Welcome to the Gluten-Free Recipe Challenge podcast! Here you will learn more about your host, Melissa Erdelac, and what she will cover in this cooking and baking audio recipe resource.
Don’t forget to subscribe to our weekly newsletter! Besides receiving an immediate GLUTEN-FREE BAKING BONUS, this helpful resource gives you direct access to the newest recipes, helping you with menu planning and exclusive tips!
Hey y’all. Welcome to the Gluten-Free Recipe Challenge. Here we will take beloved recipes you thought you would never enjoy again and transform them into easy copycat versions, just as good as the originals. Before we dive into your new Culinary 180, I wanted to share a little bit about myself and what you can expect from the.
First off, who the hell are you listening to? My name is Melissa Erdelac and I have been gluten free for about 13 years. I was diagnosed when trying to conceive child number three of four after a lot of years of infertility issues. Although I was happy to finally discover the source of all my miseries. If you’re listening to this, you’re probably familiar with how that diagnosis can rock your world.
I grew up in a large Italian family. I was number five of six and to pretty much sum it up, the only time we had box pasta was visiting friends’ houses. My mom loves to cook and bake, and she passed that passion on to us. All of our family gatherings, vacations, any moment together completely revolved around food and continues to be that way.
Everything is made from scratch and everything generally involves a lot of gluten. Because of how I grew up, I became an avid cook and baker myself. I could confidently create anything from homemade pies, fresh pizza, dough, bread, fresh pasta, anything. I loved it all, and cooking was an absolute passion of mine. I was really proud of how I could tackle anything, and I love to share all those things with others.
So I went from feeling like that to , pretty much like I’d lost my superpower overnight. I tried to attempt gluten-free versions, but back then they didn’t really have the gluten-free flours, like the all-purpose flours that they have now. You had to combine a bunch of different gluten-free starches like rice flour and tapioca starch and sorghum and coconut flour and potato flour to make anything.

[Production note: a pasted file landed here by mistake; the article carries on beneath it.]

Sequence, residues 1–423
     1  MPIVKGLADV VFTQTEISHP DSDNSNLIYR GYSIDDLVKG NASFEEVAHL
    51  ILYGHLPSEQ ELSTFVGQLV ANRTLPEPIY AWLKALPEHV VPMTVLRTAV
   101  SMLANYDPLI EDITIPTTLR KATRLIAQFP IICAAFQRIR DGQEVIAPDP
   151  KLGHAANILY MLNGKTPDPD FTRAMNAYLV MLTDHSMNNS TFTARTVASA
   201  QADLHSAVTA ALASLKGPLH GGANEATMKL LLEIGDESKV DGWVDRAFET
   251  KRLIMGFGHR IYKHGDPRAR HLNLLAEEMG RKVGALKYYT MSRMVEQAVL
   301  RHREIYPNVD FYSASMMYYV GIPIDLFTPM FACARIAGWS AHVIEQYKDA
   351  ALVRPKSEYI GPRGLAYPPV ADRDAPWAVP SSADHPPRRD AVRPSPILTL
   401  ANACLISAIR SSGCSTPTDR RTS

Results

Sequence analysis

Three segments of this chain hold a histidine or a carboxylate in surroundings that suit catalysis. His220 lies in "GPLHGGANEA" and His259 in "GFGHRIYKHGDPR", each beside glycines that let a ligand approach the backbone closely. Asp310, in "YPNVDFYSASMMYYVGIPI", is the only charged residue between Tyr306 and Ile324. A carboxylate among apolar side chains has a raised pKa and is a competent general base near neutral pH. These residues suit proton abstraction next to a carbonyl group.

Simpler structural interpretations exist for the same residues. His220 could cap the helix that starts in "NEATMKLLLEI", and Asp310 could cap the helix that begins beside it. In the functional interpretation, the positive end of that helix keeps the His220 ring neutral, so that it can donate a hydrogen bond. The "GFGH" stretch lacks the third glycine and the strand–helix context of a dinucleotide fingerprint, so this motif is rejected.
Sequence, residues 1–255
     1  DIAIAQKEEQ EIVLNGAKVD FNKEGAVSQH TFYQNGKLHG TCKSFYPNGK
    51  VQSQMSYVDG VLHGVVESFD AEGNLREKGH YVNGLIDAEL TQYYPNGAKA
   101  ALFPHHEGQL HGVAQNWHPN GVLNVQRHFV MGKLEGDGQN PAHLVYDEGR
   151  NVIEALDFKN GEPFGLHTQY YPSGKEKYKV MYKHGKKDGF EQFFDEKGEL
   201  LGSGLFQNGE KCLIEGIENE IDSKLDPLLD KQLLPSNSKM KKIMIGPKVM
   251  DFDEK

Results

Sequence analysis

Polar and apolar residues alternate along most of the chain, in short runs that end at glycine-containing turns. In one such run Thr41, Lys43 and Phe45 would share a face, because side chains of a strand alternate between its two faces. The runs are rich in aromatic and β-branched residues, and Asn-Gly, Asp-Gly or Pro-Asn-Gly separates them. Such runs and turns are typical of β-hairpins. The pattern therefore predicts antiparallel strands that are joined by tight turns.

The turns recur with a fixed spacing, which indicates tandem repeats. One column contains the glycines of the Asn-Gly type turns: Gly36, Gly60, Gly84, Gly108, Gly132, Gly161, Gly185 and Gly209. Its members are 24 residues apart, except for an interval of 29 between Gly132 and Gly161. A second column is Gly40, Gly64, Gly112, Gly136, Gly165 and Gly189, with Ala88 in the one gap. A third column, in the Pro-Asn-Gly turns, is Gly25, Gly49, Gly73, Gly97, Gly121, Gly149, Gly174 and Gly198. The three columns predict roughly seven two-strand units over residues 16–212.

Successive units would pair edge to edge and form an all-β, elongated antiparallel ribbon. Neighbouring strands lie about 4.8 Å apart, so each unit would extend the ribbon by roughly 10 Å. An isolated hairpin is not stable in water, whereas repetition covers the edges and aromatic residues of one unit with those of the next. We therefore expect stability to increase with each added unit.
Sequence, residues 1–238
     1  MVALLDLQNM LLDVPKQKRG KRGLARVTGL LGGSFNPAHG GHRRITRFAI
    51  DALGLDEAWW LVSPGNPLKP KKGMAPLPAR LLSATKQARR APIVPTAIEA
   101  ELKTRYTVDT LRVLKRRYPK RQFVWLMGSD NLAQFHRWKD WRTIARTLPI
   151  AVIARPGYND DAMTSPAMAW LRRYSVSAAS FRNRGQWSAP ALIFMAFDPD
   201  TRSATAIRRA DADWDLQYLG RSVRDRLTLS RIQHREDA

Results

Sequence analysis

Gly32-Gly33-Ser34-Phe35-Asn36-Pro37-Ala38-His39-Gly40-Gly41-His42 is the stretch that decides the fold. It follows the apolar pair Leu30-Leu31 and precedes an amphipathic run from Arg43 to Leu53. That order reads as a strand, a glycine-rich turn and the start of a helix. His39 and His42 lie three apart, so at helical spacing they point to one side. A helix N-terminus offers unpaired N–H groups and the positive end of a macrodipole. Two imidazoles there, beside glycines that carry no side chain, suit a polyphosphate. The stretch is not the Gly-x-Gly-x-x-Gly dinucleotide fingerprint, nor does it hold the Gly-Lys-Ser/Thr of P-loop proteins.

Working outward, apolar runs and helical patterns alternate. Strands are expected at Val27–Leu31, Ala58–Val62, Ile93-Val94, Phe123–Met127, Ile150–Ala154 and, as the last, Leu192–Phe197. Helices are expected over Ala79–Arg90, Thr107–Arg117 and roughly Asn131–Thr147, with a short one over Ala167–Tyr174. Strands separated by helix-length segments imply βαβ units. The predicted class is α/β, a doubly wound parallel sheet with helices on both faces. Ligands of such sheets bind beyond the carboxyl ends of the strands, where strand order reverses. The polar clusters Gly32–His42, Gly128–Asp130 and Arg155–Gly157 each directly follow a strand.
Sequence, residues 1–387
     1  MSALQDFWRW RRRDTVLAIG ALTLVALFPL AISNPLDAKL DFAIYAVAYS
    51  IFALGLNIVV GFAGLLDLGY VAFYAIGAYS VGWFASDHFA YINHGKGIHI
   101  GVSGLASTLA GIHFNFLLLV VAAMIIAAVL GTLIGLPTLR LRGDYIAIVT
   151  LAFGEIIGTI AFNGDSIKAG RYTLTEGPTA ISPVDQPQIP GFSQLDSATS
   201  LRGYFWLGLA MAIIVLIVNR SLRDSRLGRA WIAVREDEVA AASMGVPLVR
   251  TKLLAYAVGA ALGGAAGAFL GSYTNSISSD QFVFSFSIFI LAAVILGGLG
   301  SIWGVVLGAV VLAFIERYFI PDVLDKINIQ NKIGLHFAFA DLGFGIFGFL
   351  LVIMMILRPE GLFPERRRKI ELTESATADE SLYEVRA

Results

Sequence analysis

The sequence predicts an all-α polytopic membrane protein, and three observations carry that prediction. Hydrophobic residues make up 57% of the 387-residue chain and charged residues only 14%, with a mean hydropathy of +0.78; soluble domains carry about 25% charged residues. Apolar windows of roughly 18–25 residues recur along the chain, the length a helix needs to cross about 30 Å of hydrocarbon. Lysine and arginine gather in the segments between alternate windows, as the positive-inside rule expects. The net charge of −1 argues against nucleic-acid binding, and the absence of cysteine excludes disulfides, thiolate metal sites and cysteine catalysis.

So you go from measuring one cup of flour and putting into a recipe to pulling out like 18 different things to make something. It was a lot of work. It was a lot to buy. And then after all that, everything pretty much sucked. So one of the first things that I remember baking was cookies and I took ’em out of the oven and they had all melted together into one gigantic mess.
After that I remember trying a pie crust and when I baked it, it sinked down in the pan, so it was like a pile of dough at the bottom. And I definitely wasn’t even going to attempt gluten-free bread. And at that time they didn’t even carry gluten-free bread in grocery stores. So suddenly everything I knew how to do and I loved making was off limits.
And not only that, but I had a ton of cookbooks and kitchen equipment that all seem totally useless now. When I go to my family, when I go to holidays and family dinners, it became such a source of misery for me. I would feel sorry for myself because I couldn’t eat anything. Plus, I was pretty much a little pissed off too.
It felt isolating and holidays were even worse. There were things that I had looked forward to enjoying all year, and I can no longer have them. But on the outside, I try to make it seem like it wasn’t a big deal but it was really hard on me to watch all my family eating those things that I grew up loving.
Sometimes it kind of seems kind of weird or trivial to be so sad about not being able to eat something, but it’s really hard. In our family, food is kind of our love language. It’s how we communicate with each other. It’s what we talk about. And it felt like I wasn’t connected anymore in that way. But just to throw out a disclaimer, I will say now it’s totally different.